Abstract: The requirements for Army model and simulation (M&S) program verification, validation and accreditation (VV&A) are outlined in AR 5-11 and DA Pam 5-11. The Close Combat Tactical Trainer (CCTT) is the first major Army Training M&S Program to undergo the rigors of these regulations. This paper reports on the procedures used to develop the CCTT VV&A program. The paper discusses the various agencies involved, the tests to be conducted, the tools to be used in the VV&A process and the importance of traceability. The paper also compares the VV&A process developed for CCTT to the Distributed Interactive Simulation (DIS) 9-Step VV&A process.

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Integrating Exercise Control and Feedback Systems in DIS

Year: 1996

Authors: Larry Meliza, Benjamin Paz

Abstract: Trainers for collective exercises control the exercise by manipulating mission, enemy, terrain, troop, and time (METT-T) situation variables to support a training or exercise objective. The feedback system must then examine the performance of a unit as a function of the evolving METT-T situation. Integration of exercise control and feedback functions is necessary to reduce and simplify the workload of trainers and to make sure exercise control and feedback systems are mutually supportive. Integration is especially crucial in the Distributed Interactive Simulation (DIS) environment for two reasons. First, efficient use of training resources requires substantial temporal overlap and competition between exercise control and feedback functions to provide rapid feedback. Second, the exercise control function expands to include controlling the behavior of enemy and friendly computer generated forces (CGF). This paper describes current problems integrating state of the art exercise control and feedback systems in the DIS environment and presents potential solutions requiring research and development.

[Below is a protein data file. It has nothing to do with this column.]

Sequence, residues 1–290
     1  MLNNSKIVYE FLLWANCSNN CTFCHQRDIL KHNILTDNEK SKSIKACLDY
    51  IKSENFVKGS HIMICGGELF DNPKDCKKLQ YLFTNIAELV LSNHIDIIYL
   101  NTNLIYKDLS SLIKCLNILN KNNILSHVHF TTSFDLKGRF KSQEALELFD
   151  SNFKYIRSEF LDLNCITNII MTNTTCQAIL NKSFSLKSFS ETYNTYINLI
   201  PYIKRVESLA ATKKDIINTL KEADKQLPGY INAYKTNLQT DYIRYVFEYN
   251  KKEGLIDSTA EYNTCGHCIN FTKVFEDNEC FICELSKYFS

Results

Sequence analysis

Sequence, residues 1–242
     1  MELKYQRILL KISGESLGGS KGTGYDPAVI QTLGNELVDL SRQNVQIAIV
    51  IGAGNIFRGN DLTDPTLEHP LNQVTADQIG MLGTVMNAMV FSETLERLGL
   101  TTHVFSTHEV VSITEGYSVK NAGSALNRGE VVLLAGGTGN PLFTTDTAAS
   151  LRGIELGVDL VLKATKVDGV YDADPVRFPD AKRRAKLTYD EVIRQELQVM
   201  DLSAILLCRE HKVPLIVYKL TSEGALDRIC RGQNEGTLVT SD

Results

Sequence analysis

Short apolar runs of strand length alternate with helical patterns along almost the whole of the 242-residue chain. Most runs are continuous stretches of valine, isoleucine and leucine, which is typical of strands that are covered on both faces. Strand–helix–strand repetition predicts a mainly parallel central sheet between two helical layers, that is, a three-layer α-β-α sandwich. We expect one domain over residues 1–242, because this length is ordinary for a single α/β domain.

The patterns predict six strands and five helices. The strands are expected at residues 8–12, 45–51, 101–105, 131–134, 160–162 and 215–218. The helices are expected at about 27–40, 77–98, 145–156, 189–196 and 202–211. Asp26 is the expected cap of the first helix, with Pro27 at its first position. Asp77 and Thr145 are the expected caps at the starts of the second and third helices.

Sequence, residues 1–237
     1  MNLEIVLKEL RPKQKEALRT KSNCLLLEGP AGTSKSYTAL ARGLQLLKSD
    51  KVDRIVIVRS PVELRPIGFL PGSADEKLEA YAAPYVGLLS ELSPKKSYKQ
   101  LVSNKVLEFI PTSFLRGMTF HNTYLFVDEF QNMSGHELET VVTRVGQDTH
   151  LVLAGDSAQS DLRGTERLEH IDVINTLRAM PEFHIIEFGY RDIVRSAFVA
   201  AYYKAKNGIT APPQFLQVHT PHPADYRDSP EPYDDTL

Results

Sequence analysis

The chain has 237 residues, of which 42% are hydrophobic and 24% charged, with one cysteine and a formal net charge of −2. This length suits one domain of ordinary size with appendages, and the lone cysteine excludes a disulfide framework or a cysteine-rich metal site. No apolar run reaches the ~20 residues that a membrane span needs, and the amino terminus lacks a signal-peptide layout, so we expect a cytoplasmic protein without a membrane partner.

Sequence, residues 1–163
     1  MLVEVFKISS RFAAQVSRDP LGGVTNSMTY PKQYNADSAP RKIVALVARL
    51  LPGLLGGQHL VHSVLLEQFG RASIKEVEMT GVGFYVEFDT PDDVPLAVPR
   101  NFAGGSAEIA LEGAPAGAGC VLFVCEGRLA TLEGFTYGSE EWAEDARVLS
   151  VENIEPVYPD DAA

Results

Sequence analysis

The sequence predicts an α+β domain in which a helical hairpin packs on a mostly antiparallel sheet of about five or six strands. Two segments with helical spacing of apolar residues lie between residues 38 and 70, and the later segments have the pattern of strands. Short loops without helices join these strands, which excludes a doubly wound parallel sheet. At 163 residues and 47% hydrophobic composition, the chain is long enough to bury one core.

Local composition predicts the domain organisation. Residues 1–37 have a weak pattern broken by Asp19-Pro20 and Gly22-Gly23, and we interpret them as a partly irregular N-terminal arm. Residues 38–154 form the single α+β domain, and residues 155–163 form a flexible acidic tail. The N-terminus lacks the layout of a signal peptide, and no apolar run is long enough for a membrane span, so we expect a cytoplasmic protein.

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A "System of Systems" Joint Training, Analysis, and Simulation Center (JTASC)

Year: 1996

Authors: Gregory Knapp, J. Reed

Abstract:

This paper describes the total training system developed for fulfilling the United States Atlantic Command's (USACOM's) JTASC mission to:

• Develop, execute and assess distributed joint training and simulation exercises;

• Integrate and rehearse assigned forces for worldwide employment in actual crisis;

• Provide planning facilities and a command post for joint task force commanders and staffs engaged in exercises and crisis rehearsals;

• Assess joint operational readiness of assigned forces; and,

• Provide a laboratory for demonstration and assessment of technologies, systems, doctrine, tactics, techniques, and procedures.

The synthetic environment necessary to meet the JTASC mission has been created by integrating C4I, training, modeling, and simulation into an interoperable system. While the primary JTASC mission is designed to support Tier III Joint Commander Operational Training, this system of systems is fully capable of supporting Tier II exercises. Highlights are as follows: